LinkedIn looks a lot different than it did in recent years; it’s no longer just a place to post your professional history and never return. Recent features allow companies to be more social and have more control over their profiles.
But still, a lot of your company’s LinkedIn success depends on how your employees use it. Fortunately, there are simple changes employees can make to their profiles that can immediately improve your company profile. Encouraging employee activity in certain areas of LinkedIn can also help grow your brand on this network.
With a well-informed, active employee base, LinkedIn can be one of the easiest social networks for a company to manage and build a strong presence. Before we walk through the 8 ways employees can enhance your company on LinkedIn, let’s review how employee profiles are aggregated into a company profile…
How Employees Affect Your Company Profile
If someone has listed your company as their current employer, their information is pulled into your company profile. This information can show up in 2 different places throughout your company profile: (a) your company statistics page or (b) in the activity feed on your company profile (this activity also shows up in the main feed of anyone who is following your company).
I’ll use our company profile as an example since we’ve had some recent additions to the team and title changes, so we’re a good example of the employee activity that shows up here.
Company statistics can be accessed from your main company profile. Anyone can view these statistics, which include your employees’ education, years of experience, job function, and skill set. If only one person in your company has filled this information out, that one person will be the sole representative of your company make up. In other words, the more employees who fill out their profiles completely, the more accurate reflection of your company.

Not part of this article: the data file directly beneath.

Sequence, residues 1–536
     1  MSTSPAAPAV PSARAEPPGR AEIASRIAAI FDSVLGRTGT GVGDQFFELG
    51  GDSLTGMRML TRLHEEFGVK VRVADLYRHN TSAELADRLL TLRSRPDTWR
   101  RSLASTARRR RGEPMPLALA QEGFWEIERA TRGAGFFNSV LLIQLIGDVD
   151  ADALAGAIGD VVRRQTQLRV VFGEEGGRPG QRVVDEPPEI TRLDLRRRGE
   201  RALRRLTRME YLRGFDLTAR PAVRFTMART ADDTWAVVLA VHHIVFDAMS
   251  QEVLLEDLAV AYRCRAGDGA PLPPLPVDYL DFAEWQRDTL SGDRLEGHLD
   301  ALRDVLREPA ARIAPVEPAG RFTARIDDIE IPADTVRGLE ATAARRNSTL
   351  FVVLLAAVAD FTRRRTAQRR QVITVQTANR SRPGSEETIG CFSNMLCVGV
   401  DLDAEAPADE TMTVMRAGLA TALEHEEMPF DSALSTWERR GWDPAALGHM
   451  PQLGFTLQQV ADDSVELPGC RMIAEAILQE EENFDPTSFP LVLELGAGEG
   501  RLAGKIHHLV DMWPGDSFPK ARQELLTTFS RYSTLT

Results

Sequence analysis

For example, this is how your employees’ years of experience is displayed (blue= your employees, green= employees at similar companies):
When someone changes their title or leaves the company, this is shown at the bottom of the company statistics page:
And this is how your employees’ skills are displayed:
The main page of your company profile includes an activity feed that shows your most recent status updates, new employees, title changes, and departures.
For example, when someone joins your company, they appear in the company activity feed at the bottom of your company profile (this also appears in the newsfeed of anyone following your company):
Step-By-Step Guide for Employees on LinkedIn
Below are ways your employees can change their profiles or participate on LinkedIn that can help make your company shine on this network. The best part? You can just forward your team this post and let them do all the work :)
1. Stop Treating LinkedIn Like a Resume
LinkedIn is a professional social network, but that’s no reason to have a boring profile that is nothing more than a copied and pasted résumé . Personal profiles can be personalized using applications and the summary section can be more lighthearted than, say, a cover letter.
While listing accomplishments and past job duties show someone’s breadth of experience, a good profile summary isn’t trapped in the past. This is where employees can focus on now, and update their summary continuously to reflect what they’re working on, like current projects, speaking engagements, upcoming events, etc.
What would a potential customer want to know about your employees? Employees should also use their summary to explain how their role at your company benefits the customer experience.
2. Use the Correct Company Name
This needs to be an exact match of your company profile name. For example, on LinkedIn we are “BlueGlass Interactive, Inc.” Anyone who just puts “BlueGlass” is not counted as an employee.
When editing a job description, a dropdown menu will appear with a list of possible company matches. Make sure your employees know which of these they should select.
3. Fill Out the Important Stuff
The most important sections your employees should fill out are the parts that are pulled into your company statistics, which are:
- Job Functions are lumped into four broad categories: research & development, sales & marketing, general & administrative, and executive leadership. This is determined by a user’s job title, so it’s important these are accurate and not misspelled.
- Education is reflected in the company statistics based on degrees obtained and universities attended.
- Years of experience are the total number of years of all of the jobs listed on an employee’s profile.
- Skills are hyperlinks that can be added to profiles (more detail below).
4. Add Skills & Expertise